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Nanotechnology: A Giant Leap for Medicine

There’s no question nanomedicine will change the healthcare industry

5 min read

In an ideal future, humans will be able to regrow lost organs and limbs, cure in an instant diseases that cause years of pain today, and move away from intrusive methods of treatment. These capabilities hinge on the ability to manipulate the human body at a level even deeper than the cell.

Well, there’s actually a term for that: nanomedicine.

But first, we have to define nanotechnology, which is the manipulation of atoms and molecules up to 100 nanometers in size. For scale, a hydrogen atom is 0.1 nanometers; the width of a human hair is about 100,000; the diameter of Jupiter is—not even gonna go there.

  • Nanomedicine = nanotech + clinical applications, such as tissue engineering, drug delivery, diagnosis, or medical devices.

Nanomedicine was a medical buzzword around a decade ago, and research funding was pouring in from the government and other backers, the Mayo Clinic’s Joy Wolfram told the Brew. Today, that funding is starting to plateau—but that’s not a bad thing: It means after steady uphill progress, nanomedicine is becoming integrated across fields (therapeutics do take decades and billions of dollars to develop, after all).

Some early applications of nanomedicine are already in doctors’ offices. As these capabilities progress, doctors will be using nanomedicine in treatments straight out Shuri’s lab in Black Panther.

Putting it to work

For patients, nanomedicine will usher in an era of care more personal than a sponge bath.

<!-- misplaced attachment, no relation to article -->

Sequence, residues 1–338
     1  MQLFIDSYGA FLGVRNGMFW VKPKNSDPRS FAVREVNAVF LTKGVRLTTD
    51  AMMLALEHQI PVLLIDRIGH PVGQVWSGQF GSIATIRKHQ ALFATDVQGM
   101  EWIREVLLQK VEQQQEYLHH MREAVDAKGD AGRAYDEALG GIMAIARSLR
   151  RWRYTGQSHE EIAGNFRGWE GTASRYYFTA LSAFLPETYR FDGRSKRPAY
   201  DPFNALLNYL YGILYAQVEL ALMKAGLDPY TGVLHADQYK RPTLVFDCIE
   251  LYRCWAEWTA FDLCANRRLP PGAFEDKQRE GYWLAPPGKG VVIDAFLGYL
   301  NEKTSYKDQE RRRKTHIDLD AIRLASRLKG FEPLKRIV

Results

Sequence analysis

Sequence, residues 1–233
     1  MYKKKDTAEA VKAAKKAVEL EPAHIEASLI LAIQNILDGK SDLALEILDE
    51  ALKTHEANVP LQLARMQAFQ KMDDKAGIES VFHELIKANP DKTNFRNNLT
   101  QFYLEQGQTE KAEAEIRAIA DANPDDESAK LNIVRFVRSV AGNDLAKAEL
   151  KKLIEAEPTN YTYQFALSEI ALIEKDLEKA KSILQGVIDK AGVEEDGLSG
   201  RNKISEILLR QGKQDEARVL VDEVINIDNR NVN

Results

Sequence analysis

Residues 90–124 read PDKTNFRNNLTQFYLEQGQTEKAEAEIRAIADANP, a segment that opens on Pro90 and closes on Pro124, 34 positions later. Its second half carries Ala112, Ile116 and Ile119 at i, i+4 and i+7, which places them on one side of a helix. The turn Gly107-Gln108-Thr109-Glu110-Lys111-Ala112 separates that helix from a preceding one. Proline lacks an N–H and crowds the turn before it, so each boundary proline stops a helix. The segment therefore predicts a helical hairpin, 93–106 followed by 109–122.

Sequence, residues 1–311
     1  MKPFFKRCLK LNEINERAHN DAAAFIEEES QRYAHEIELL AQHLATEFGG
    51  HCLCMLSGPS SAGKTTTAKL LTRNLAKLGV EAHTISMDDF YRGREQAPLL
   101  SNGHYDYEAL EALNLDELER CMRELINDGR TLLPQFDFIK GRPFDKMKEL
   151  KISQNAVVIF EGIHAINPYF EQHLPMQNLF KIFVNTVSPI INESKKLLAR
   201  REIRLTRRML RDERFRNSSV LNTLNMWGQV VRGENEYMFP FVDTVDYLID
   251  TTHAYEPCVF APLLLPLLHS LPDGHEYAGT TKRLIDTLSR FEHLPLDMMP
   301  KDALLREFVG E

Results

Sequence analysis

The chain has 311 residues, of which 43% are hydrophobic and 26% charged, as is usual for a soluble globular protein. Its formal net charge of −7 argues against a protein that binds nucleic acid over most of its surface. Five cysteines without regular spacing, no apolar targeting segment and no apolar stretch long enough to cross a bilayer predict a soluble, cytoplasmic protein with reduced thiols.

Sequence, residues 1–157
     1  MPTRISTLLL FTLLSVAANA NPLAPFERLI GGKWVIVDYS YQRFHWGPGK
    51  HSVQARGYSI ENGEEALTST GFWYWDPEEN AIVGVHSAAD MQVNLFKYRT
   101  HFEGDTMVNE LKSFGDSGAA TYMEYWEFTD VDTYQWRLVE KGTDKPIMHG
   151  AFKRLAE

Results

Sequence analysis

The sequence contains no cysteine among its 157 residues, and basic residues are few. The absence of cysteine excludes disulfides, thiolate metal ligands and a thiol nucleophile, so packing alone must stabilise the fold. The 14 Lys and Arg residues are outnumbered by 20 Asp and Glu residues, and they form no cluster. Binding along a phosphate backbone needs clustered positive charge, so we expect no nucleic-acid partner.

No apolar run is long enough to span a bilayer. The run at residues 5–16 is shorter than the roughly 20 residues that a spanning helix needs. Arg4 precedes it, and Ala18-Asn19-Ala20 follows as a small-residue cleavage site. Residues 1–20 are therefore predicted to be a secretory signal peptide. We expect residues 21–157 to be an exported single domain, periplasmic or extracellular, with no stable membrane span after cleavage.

So let’s dive in to some of the roles nanomedicine can play—from early diagnosis to targeted, personalized therapeutics—in the context of cancer, that universally reviled group of diseases that took an estimated 10 million lives last year. 

The smoke alarm

No one on the receiving end of a bad diagnosis thinks “I wish I found out later.”

One of the main projects Wolfram and her team are working on is nanomedicine for cancer diagnostics. Cancer cells release nanoparticles that can travel to other organs and lay the groundwork for metastasis (when the cancer spreads).

By detecting these nanoparticles in the blood early, the researchers are hoping to predict which patients have a high likelihood of metastasis. This could help doctors pinpoint who needs more or less aggressive treatment early on.

The detective

Every patient reacts differently to medicine. Just because doctors know you have something, doesn’t mean they know exactly what your body needs.

Glioblastoma, a particularly pernicious strain of brain cancer, has 142 possible drug treatments; A trial-and-error approach to find the golden ticket can take time—a valuable commodity many patients don’t have.

Today, researchers are using nanotechnology to grow cancer cells on a silicon chip, test all possible drugs, and—in a mere 24 hours—identify the best course of treatment for individual patients, according to Geoffrey Vince, chairman of biomedical engineering at the Cleveland Clinic.

The cruise missile

Cancer treatment generally boils down to two options: cut it out or poison it.